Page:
Kenwood has upgraded its existing two-way radio communication system at one of Barcelona’s most famous landmarks, La Sagrada Familia (The Basilica of the Sacred Family), designed by Antoni.
Work began in 1883, but remained unfinished at the time of Gaudí’s death in 1926. The cathedral, a UNESCO World Heritage Site, is still under construction. It covers an area of 4,500 square metres and has a capacity of 9,000 people. It is visited by 3.5 million visitors each year, making it one of most visited attractions in Spain.
The original two-way radio communications system at the Basilica used Kenwood ProTalk, license-free PMR446 analogue radios. While economical and fast to deploy, the system had been outgrown as visitor numbers increased creating requirements for extended site coverage, more tour guides, security and public safety staff, as well as the large construction team.
Local firm Expocom was briefed to design a new system that could meet the current and future site communications needs at La Sagrada Familia. As a result, the company worked with JVCKENWOOD Ibérica to create a system based on Kenwood’s NEXEDGE digital technology.
The new NEXEDGE digital system provides full coverage of the site from the highest point in the construction of the remaining towers to the depths of the crypt, including the offices, museum and public spaces.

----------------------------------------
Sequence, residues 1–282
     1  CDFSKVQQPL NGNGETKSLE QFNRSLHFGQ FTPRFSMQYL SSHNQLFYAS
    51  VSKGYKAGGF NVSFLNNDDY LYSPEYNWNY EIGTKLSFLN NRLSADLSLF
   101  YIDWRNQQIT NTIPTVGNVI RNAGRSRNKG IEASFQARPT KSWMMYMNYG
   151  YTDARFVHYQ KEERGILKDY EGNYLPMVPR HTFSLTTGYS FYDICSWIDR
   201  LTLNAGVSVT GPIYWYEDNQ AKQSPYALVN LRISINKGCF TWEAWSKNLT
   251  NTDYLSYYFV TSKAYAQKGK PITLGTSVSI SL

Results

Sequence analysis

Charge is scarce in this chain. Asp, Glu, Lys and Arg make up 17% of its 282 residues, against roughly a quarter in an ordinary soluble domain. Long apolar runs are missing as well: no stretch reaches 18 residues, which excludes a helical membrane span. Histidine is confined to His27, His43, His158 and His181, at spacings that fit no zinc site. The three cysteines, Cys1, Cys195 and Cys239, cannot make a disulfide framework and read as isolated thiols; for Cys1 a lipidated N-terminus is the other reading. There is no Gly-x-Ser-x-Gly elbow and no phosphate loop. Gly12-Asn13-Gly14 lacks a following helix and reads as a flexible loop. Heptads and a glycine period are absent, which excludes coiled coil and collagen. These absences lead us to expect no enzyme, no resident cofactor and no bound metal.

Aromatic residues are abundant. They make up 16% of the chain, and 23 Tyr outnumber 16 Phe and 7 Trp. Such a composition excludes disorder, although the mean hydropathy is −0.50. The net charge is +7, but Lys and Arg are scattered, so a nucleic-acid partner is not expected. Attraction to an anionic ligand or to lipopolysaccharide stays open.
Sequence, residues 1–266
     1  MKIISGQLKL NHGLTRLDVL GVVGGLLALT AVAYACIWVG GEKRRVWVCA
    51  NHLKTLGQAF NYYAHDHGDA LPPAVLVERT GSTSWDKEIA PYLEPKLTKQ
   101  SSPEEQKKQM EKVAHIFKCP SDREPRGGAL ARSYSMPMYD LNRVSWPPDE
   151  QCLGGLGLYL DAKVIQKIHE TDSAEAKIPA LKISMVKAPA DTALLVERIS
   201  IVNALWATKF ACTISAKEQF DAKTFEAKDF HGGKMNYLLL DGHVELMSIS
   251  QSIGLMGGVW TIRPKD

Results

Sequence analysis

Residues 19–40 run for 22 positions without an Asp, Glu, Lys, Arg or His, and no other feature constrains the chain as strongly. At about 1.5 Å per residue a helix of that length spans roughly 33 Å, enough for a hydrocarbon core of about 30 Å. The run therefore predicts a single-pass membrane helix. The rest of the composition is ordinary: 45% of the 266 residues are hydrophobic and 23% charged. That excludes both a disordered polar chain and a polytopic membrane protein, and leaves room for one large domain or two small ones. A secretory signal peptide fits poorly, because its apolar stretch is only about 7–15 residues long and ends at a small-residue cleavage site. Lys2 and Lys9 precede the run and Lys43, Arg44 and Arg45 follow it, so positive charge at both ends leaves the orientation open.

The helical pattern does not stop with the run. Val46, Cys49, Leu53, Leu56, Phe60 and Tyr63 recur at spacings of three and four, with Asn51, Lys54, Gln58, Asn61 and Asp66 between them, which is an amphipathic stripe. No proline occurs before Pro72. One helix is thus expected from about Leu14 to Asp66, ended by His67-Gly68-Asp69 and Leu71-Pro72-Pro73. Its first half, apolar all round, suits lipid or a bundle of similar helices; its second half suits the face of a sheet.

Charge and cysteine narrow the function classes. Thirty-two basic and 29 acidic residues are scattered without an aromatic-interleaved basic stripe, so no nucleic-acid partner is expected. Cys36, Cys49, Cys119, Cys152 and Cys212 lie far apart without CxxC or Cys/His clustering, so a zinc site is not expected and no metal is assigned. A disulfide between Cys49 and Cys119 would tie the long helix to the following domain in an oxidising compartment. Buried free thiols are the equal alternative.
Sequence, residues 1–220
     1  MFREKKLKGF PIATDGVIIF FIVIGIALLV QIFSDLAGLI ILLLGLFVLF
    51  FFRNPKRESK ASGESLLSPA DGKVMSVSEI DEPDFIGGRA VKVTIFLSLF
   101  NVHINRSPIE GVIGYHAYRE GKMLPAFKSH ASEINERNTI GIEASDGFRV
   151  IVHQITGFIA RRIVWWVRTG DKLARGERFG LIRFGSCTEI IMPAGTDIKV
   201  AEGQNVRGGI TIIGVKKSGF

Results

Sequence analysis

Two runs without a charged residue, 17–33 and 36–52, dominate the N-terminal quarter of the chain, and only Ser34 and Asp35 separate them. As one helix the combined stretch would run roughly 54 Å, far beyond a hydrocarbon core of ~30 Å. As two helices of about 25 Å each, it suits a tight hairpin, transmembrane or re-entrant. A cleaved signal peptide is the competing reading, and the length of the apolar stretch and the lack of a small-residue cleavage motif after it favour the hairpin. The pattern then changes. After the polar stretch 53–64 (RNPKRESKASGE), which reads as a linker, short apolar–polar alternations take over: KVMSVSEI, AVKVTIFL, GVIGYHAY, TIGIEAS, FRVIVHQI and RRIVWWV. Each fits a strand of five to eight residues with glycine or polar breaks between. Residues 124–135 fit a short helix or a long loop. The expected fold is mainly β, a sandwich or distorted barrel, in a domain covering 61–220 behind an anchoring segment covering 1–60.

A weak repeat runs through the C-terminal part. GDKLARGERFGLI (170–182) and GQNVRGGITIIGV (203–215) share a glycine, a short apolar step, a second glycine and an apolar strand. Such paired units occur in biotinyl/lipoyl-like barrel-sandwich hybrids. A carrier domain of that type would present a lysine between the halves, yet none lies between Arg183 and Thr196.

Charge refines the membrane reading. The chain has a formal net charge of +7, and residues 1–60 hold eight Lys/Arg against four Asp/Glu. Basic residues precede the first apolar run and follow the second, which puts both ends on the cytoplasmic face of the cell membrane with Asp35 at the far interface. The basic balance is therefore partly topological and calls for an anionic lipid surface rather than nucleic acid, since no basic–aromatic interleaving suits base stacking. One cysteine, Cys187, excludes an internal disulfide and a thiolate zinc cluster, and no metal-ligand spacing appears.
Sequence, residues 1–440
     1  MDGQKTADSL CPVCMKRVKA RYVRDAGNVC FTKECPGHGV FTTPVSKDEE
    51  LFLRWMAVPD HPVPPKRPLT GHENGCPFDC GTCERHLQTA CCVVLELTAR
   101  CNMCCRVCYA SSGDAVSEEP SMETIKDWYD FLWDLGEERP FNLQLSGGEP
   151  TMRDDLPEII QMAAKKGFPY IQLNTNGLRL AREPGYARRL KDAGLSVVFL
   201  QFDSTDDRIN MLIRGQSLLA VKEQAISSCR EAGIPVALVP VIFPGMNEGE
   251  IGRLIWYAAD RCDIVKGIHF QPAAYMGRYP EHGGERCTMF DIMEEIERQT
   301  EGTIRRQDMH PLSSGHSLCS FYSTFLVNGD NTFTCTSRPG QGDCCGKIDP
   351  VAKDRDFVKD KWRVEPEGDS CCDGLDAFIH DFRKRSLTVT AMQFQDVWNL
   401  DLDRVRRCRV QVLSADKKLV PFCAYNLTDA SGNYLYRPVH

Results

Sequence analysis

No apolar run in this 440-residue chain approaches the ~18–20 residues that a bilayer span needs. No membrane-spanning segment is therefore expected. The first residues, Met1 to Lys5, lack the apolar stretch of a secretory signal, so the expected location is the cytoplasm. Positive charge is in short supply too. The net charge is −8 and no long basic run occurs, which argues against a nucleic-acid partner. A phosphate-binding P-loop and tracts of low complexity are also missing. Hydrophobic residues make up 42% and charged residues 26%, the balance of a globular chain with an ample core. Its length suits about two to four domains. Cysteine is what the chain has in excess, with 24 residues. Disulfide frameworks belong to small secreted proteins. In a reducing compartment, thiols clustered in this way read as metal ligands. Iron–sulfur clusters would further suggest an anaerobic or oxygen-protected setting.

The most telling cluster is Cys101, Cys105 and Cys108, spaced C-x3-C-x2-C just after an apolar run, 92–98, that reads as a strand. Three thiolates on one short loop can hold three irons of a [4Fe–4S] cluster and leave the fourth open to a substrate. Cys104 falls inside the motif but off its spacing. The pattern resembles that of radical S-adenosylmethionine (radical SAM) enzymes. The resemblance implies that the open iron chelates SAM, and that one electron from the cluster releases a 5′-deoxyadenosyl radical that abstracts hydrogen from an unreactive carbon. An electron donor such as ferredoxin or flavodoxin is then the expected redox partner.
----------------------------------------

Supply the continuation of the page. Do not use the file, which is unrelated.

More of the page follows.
It is configured as a four-channel trunked repeater network with a fixed base radio serving thirteen user groups linked via Kenwood’s KAS-10 system management software to a command centre run by the Basilica’s security team.
Following extensive testing, it was found that two antennas, one for reception and the other for transmission located within the building would give full coverage to all areas. The system was installed and rolled-out by the Expocom team across all the user groups including management, security, facilities management, information centre, guides and hosts and the construction team.
The four-channel trunked repeater system serves over 140 NEXEDGE hand-portable radios of which 20 are NX-320E models with full keypad and display to send and receive text messages, alerts and alarms, while the remaining 120 NX-320E2 radios feature displays and simplified keypads.
With construction scheduled to continue for at least another 15 years, the new system was designed with the capacity to cope with peaks in traffic during major events or during an incident and to be fully scalable to facilitate the expansion of channels, users and groups into the future.